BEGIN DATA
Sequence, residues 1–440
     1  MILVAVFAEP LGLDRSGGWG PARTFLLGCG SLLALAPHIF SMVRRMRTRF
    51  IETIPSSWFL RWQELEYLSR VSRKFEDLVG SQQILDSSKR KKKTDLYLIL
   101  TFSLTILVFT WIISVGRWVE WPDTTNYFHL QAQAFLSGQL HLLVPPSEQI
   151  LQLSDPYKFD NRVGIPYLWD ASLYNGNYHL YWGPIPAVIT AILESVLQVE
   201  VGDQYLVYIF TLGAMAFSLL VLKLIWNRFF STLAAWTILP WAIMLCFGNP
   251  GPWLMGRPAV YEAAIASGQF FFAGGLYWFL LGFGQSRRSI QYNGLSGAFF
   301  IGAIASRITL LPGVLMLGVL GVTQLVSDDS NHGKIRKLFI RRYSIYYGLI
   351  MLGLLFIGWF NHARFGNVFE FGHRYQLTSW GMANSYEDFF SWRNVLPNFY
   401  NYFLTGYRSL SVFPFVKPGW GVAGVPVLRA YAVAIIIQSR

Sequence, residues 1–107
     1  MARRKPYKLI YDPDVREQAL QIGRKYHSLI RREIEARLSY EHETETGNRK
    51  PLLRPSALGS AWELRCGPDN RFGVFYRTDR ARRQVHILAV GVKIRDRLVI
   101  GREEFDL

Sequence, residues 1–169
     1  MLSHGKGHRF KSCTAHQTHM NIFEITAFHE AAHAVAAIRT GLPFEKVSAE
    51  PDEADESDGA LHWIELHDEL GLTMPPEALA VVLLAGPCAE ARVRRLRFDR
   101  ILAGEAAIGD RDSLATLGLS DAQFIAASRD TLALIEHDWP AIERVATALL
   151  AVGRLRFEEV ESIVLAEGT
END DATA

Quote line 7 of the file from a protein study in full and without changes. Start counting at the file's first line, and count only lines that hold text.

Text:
   251  GPWLMGRPAV YEAAIASGQF FFAGGLYWFL LGFGQSRRSI QYNGLSGAFF